In the previous pages looking at selecting DOM elements, we changed the content of the DOM but did not add new elements. Javascript will let us do that although it does take a number of stages to arrive at the point where they is something to see in the browser. For example the steps required to add a <p> with some text content are:

  1. Create a new element
  2. Create a new text node
  3. Attach the text node to the new element
  4. Attach the new element to the DOM

Creating a New Element with document.createElement()

To create a new DOM element we use document.createElement for example:

var myNode = document.createElement('p');

Creating a New Text Node with document.createTextNode()

To create a new text node we use document.createTextNode for example:

var myNodeText = document.createTextNode('My paragraph of wise words');

Attaching a Text Node to an Element with appendChild()

To attach a new text node to an element we use appendChild() for example:


Attaching an Element to the DOM with appendChild()

We can also use appendChild() to add content to the DOM. The following adds the new ‘myNode’ to the <body> of the document.


Where does it put it? The question now is where does this get added to the DOM. In the above example the new node will be added to the end of the <body>.

You can see the result in this demo. The new text node is added right at the bottom outside the container <div> but before the closing </body>

Obviously that is not always what we want so we can target where in the DOM to add content using selectors ie:


Now we have a more sensible demo.

Using insertBefore()

Targeting an element with a selector gives us more control but adding content to the end of a node with appendChild() is not always the result we want. We therefore also have insertBefore(). We need 3 bits of information for insertBefore() – the parentElement where we want new node added, the new node itself and then the node we want the new node placed before (phew).

parentElement.insertBefore(newElement, beforeElement)

This will insert the content before the selected node for example:

document.getElementById('mainContent').insertBefore(myNode, document.getElementById('cheese'));

… and here is the demo.

Setting Attributes with setAttribute()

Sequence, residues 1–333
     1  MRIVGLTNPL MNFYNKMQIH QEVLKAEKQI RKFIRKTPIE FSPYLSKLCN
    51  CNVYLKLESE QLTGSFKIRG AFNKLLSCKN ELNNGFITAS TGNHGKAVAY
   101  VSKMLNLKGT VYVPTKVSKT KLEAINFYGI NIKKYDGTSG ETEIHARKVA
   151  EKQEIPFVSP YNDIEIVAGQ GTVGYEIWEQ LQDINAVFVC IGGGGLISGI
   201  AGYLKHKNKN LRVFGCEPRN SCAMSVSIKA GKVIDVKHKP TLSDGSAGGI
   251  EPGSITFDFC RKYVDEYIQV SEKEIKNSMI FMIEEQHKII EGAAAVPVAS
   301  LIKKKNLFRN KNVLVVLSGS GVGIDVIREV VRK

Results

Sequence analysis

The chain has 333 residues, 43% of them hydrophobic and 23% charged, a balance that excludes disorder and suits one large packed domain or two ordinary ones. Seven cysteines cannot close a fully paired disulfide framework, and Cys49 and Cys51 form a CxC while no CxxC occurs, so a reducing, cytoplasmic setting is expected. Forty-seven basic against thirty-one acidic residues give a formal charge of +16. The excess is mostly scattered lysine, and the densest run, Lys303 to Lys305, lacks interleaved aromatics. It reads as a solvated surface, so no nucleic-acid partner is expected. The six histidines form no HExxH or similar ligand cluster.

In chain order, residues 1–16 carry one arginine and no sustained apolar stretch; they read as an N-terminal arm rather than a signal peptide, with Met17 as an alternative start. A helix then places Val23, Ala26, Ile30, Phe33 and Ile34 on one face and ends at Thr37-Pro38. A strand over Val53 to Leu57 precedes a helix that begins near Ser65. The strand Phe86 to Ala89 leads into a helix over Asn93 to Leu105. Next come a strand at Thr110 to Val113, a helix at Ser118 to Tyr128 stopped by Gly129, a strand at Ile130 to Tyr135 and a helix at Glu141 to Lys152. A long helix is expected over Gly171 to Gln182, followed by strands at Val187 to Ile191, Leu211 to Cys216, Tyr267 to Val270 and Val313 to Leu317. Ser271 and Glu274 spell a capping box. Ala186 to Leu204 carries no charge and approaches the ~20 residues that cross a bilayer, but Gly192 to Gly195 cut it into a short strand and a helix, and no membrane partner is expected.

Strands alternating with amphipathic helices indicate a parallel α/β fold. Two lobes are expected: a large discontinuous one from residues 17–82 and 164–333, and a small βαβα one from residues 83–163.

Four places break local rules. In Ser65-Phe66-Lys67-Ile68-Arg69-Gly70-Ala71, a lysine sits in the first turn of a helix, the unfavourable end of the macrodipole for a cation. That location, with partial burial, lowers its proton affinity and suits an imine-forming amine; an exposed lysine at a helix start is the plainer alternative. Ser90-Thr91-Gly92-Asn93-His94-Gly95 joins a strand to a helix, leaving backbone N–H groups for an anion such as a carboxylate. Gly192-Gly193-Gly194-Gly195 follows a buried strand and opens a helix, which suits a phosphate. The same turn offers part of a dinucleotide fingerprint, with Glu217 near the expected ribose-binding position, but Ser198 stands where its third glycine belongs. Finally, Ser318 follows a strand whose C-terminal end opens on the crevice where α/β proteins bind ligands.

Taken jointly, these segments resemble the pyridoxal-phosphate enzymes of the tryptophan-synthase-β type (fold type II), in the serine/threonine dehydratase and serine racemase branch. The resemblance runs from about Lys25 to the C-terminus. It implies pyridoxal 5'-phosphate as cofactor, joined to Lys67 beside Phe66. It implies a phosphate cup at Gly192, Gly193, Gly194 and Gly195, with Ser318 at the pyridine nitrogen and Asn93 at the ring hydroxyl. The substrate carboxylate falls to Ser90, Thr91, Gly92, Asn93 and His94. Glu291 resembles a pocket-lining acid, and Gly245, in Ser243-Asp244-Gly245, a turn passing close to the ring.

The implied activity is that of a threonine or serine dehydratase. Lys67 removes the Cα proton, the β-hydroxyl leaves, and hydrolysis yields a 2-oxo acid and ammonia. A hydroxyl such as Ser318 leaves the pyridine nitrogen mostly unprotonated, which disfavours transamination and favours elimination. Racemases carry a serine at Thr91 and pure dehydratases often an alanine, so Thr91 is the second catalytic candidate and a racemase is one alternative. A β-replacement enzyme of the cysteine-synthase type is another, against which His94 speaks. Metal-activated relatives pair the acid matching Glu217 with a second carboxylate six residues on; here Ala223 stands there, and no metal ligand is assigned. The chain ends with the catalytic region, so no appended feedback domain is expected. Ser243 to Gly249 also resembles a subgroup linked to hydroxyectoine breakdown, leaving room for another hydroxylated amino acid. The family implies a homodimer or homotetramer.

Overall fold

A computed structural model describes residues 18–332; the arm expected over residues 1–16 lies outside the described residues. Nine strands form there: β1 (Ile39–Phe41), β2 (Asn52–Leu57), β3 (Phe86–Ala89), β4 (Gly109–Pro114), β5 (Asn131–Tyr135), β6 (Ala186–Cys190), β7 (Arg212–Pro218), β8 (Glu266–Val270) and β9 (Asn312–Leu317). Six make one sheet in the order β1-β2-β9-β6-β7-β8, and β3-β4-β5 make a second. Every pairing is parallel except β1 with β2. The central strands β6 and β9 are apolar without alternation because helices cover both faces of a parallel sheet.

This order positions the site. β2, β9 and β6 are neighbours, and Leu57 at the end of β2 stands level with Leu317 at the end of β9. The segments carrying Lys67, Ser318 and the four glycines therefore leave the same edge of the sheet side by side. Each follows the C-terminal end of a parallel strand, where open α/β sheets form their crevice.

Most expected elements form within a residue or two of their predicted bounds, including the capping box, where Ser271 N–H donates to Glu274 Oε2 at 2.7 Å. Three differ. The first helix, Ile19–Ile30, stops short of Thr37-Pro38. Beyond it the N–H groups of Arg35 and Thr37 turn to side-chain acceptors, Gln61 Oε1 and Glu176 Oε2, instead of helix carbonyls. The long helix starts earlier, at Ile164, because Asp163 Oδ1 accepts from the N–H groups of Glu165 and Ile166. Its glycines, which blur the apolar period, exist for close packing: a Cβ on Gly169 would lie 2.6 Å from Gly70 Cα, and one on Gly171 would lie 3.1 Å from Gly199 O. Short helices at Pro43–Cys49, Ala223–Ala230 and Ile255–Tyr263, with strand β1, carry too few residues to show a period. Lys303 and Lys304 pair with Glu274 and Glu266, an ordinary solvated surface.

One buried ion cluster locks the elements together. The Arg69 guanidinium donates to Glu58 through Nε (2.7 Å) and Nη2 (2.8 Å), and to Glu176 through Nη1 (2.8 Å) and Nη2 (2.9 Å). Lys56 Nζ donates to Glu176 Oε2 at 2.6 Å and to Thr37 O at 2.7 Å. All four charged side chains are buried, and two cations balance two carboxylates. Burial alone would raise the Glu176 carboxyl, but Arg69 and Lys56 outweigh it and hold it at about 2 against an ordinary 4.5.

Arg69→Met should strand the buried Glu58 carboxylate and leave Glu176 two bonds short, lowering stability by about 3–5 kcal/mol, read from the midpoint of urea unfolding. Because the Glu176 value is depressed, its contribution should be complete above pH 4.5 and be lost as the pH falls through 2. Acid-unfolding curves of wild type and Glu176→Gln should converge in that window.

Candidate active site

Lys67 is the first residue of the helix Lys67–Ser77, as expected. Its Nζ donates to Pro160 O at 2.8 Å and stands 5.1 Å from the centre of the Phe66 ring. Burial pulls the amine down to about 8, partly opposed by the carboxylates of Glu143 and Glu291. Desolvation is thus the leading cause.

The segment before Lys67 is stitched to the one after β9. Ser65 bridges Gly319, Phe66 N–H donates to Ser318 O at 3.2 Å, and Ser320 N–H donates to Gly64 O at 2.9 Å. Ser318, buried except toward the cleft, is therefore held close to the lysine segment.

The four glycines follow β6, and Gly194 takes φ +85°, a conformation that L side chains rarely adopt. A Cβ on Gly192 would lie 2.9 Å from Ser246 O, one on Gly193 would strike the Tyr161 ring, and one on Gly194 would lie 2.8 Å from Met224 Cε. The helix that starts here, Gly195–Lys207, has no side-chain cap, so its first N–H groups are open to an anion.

As well as amending the HTML we can amend the CSS used in the document. The first technique we can use is to use Javascript to add an existing class or id selector to the HTML that references a predefined CSS rule. We can do this with the setAttribute() method.

setAttribute(attributeName, attributeValue)

To change the CSS we simply set the class attribute for the targeted element to add a new class.

document.getElementById('myNode').addEventListener('click', function(){
	document.getElementById('cheese').setAttribute('class', 'highlight');

Here is a demo.

We can obviously use any appropriate HTML attributes and values. For example a classic Javascript image rollover can be built with:

document.getElementById('myPic').addEventListener('mouseover', function(){
		document.getElementById('myPic').setAttribute('src', 'images/white-flowers.jpg');

Here is a demo. A fuller rollover would include a mouseout event ie:

document.getElementById('myPic').addEventListener('mouseover', function(){
		document.getElementById('myPic').setAttribute('src', 'images/white-flowers.jpg');
document.getElementById('myPic').addEventListener('mouseout', function(){
		document.getElementById('myPic').setAttribute('src', 'images/pink-flowers.jpg');

Here is a demo.

Following on from our earlier discussion of events this rollover examples lends itself nicely to the use of ie:

document.getElementById('myPic').addEventListener('mouseover', function(ev){'src', 'images/white-flowers.jpg');
document.getElementById('myPic').addEventListener('mouseout', function(ev){'src', 'images/pink-flowers.jpg');

Here is a demo.

Removing Attributes with removeAttribute()

We can also remove attributes with removeAttribute(). ie'class');

With the hasAttributes() method we can check to see if an attribute exists and toggle it:

document.getElementById('myNode').addEventListener('click', function(ev){
	}else{'class', 'highlight');

Here is a demo.

We’ve got style

The other technique we could use for adding CSS is the style attribute. This will add an inline CSS style to the targeted node.

document.getElementById('myNode').addEventListener('click', function(){
	document.getElementById('cheese').style.padding = "15px";

and here is the demo.

Tip: Those CSS properties that include have hyphens need to put into camel case ie background-color becomes backgroundColor.

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